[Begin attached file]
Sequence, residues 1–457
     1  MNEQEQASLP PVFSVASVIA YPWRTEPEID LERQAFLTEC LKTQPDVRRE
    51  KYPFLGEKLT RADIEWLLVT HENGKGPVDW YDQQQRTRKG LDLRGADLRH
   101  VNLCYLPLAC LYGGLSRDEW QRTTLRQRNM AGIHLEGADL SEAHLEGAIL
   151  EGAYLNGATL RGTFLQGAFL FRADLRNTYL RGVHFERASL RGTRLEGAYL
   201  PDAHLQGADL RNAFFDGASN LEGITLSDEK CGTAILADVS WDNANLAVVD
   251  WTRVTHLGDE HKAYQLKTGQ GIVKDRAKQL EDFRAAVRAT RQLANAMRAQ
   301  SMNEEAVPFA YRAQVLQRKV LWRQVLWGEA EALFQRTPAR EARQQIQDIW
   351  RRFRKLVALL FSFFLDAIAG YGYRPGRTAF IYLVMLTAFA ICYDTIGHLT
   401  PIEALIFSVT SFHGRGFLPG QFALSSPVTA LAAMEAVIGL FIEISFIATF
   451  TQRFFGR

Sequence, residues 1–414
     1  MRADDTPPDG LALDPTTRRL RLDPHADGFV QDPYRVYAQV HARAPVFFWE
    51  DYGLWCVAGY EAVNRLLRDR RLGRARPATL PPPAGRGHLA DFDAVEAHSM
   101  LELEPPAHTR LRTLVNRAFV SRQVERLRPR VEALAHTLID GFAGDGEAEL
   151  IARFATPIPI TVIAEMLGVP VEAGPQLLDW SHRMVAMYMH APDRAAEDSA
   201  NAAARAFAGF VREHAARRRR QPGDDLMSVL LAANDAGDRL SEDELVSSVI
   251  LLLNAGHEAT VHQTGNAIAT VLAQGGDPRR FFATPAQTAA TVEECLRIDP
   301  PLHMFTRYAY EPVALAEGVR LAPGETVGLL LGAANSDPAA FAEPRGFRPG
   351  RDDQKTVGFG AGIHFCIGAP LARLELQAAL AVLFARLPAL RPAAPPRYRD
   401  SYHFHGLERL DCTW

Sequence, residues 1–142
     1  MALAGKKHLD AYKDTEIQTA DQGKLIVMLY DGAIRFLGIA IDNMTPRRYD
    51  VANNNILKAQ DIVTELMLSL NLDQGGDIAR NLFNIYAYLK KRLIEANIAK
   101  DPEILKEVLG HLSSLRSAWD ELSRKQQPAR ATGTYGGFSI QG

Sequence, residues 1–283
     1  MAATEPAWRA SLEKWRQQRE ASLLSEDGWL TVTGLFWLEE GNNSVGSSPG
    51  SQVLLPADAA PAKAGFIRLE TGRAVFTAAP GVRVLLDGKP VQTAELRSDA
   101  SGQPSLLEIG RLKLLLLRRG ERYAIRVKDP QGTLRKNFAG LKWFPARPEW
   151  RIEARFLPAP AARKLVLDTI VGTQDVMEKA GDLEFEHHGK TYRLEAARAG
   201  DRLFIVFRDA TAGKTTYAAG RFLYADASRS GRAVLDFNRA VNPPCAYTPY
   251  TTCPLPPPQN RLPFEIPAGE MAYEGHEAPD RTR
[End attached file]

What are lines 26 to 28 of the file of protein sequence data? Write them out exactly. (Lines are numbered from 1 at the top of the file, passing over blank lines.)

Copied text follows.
Sequence, residues 1–283
     1  MAATEPAWRA SLEKWRQQRE ASLLSEDGWL TVTGLFWLEE GNNSVGSSPG
    51  SQVLLPADAA PAKAGFIRLE TGRAVFTAAP GVRVLLDGKP VQTAELRSDA